I revel in the quiet, and I’m sure it’s only partly because we’re too winded to talk. I smell the air, which is saturated with the scent of flowers and leaves and coffee. The coffee smell might just be my imagination though because although a lot of coffee is grown here, most people seem to drink tea and I am seriously dying for some dark roast. The look of the forest suddenly changes and the tall, dark green trees that surround us open suddenly to beautiful flowing silver-green grasses and bright flowers.
It takes us 4 hours to hike to the first base camp. I can’t even begin to imagine how people climb this whole mountain. Happy but so tired we sit and pull out our boxed lunches which turn out to be cold hamburgers with fried eggs on top and a piece of chicken. I’m so hungry that a seafood pasta dinner (my favorite) wouldn’t taste any better. A huge black bird soars down and takes a bite of my hamburger. Hey! As I move to defend my burger, the bird picks up my chicken and flies off with it. Isn’t that kind of like cannibalism. That’s just wrong!
We head back down the mountain to finish our 18 Kilometer hike. I’m freely using my walking pole to keep from sliding down any slippery parts. Bakari makes it clear that he is not promising to carry us out if we break an ankle. We’re kind of silly after our fortification of burger and egg. Janice stops to swing on a ropy, twisted vine as I take pictures. Our kind, funny and patient guide starts to become an annoyed parent trying to get silly toddlers to get a move on. “No more polepole!” he says. He doesn’t want us all stuck hiking in the dark. It takes us 2 1/2 hours to hike down with lots of, “No more polepole!” on the way.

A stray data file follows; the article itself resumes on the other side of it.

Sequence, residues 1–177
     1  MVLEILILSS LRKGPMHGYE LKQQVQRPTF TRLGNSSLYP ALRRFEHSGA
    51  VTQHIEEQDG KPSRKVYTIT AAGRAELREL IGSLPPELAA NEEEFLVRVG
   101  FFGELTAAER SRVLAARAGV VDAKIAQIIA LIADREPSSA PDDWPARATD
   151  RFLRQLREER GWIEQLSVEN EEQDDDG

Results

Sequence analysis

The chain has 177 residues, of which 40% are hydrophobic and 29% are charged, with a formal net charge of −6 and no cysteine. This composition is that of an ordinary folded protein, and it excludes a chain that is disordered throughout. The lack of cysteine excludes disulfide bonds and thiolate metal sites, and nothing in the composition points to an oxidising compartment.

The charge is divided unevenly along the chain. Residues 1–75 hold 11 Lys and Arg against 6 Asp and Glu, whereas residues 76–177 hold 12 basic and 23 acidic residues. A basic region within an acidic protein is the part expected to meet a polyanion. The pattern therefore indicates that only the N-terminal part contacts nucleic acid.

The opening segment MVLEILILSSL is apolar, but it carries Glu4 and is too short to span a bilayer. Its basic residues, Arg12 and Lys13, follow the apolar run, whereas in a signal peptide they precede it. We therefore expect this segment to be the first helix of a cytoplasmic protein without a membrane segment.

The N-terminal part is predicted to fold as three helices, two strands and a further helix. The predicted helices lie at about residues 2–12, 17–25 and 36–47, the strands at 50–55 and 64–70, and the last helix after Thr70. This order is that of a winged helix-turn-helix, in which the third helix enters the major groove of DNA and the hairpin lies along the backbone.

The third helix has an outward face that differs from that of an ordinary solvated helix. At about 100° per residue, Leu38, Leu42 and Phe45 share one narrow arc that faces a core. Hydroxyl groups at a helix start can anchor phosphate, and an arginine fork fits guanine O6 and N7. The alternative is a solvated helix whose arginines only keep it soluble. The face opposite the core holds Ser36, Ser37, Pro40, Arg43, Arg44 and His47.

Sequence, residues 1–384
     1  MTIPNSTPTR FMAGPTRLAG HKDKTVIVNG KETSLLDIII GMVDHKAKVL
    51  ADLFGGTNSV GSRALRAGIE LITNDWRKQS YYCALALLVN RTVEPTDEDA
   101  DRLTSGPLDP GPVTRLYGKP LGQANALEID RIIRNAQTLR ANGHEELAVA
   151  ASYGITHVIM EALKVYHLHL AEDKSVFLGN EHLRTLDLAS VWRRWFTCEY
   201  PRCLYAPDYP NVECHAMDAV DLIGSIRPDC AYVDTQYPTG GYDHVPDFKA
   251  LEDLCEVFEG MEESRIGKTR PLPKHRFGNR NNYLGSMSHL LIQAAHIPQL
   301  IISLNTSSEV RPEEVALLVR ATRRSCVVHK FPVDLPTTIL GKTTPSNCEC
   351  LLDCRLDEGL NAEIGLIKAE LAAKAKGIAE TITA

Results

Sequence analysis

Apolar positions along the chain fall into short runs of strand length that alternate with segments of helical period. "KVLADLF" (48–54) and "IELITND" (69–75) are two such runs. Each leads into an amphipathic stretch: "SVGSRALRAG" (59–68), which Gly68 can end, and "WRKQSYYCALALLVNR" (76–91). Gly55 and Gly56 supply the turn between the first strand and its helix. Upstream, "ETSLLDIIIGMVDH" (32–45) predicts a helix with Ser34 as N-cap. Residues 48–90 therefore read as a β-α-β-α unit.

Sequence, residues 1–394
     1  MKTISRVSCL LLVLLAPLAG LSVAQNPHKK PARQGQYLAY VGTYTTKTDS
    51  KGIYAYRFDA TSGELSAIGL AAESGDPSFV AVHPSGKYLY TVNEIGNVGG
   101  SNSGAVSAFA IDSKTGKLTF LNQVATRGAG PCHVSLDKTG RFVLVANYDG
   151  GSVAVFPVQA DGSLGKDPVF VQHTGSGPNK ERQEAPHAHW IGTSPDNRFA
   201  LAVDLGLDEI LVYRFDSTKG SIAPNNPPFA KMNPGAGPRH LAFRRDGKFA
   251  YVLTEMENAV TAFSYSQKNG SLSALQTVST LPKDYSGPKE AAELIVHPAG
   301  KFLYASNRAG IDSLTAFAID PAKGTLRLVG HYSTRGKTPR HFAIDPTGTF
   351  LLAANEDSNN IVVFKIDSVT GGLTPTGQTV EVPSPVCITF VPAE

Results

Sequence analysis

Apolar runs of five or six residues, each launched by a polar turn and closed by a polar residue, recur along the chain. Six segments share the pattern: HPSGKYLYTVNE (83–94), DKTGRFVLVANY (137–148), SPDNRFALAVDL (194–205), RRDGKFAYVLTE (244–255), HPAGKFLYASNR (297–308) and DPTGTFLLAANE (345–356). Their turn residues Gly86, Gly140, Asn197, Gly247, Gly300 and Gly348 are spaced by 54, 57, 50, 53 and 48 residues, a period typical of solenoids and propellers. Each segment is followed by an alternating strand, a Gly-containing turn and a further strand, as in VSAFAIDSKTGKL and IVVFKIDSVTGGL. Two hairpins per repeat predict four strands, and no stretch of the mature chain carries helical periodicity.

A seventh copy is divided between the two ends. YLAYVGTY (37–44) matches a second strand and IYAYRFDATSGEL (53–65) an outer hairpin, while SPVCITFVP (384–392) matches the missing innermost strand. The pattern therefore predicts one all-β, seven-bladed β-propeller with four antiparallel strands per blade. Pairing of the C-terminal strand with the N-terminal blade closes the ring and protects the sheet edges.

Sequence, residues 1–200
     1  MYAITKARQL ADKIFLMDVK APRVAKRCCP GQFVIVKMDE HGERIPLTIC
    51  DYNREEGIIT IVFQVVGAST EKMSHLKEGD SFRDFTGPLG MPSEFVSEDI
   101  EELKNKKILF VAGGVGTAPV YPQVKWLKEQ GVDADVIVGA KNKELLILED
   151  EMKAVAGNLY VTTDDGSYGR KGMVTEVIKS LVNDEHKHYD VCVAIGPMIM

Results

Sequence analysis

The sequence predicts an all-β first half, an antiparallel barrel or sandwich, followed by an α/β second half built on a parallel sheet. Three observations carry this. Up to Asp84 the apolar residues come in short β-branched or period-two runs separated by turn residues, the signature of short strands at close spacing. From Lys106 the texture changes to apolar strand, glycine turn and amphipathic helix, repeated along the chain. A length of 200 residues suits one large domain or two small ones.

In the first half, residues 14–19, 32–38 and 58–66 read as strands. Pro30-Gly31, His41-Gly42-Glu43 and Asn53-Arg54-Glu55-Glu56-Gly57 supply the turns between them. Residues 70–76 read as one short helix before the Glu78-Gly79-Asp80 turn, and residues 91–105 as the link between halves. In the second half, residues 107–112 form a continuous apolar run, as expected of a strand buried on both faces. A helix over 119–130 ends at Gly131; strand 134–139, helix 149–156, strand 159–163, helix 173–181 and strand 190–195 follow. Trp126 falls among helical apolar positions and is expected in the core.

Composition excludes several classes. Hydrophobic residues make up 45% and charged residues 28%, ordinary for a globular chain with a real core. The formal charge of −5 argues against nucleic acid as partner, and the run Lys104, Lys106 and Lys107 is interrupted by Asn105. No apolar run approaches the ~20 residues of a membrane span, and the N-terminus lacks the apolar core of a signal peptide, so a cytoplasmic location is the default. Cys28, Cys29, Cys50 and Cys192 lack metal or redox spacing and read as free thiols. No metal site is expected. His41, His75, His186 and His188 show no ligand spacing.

We finally make it down. It may be getting a little tiny bit dark. Bakari is relieved. Janice and I are both so happy to have had this experience and both declare that we will never, ever do it again!
I sit in the seat of the plane, tired after hours and hours of travel but so excited as I watch the map on the screen that illustrates our descent into the Kilimanjaro International Airport. I don’t know anyone on the plane so I turn to the nun sitting next to me and, unable to stifle my excitement, tell her that this is my first trip to Africa. She smiles and says; “Now it will be in your heart. You will be back.”
I look out the window as we bump down on the runway. The lights of the plane flash on, off, on, off, creating a strobe effect. My eyes scan the ground. Grass, dark, trees, dark…are there lions roaming around, giraffes, and anaconda? I’m sure the nun would laugh if she knew what I was looking for.
Climbing down the stairs of the plane and onto the dirt, I stop as people rush by me to the path leading to the small airport building. I don’t move, trying to commit this scene to memory. I feel the solid ground under my sandals. I smell the night air, a combination of burning rubber and flowers. I look up at the bats flying around above my head. I feel the hot breeze on my face. I walk slowly forward, full of anticipation and joy, into the unknown…
Self Portrait in Tanzania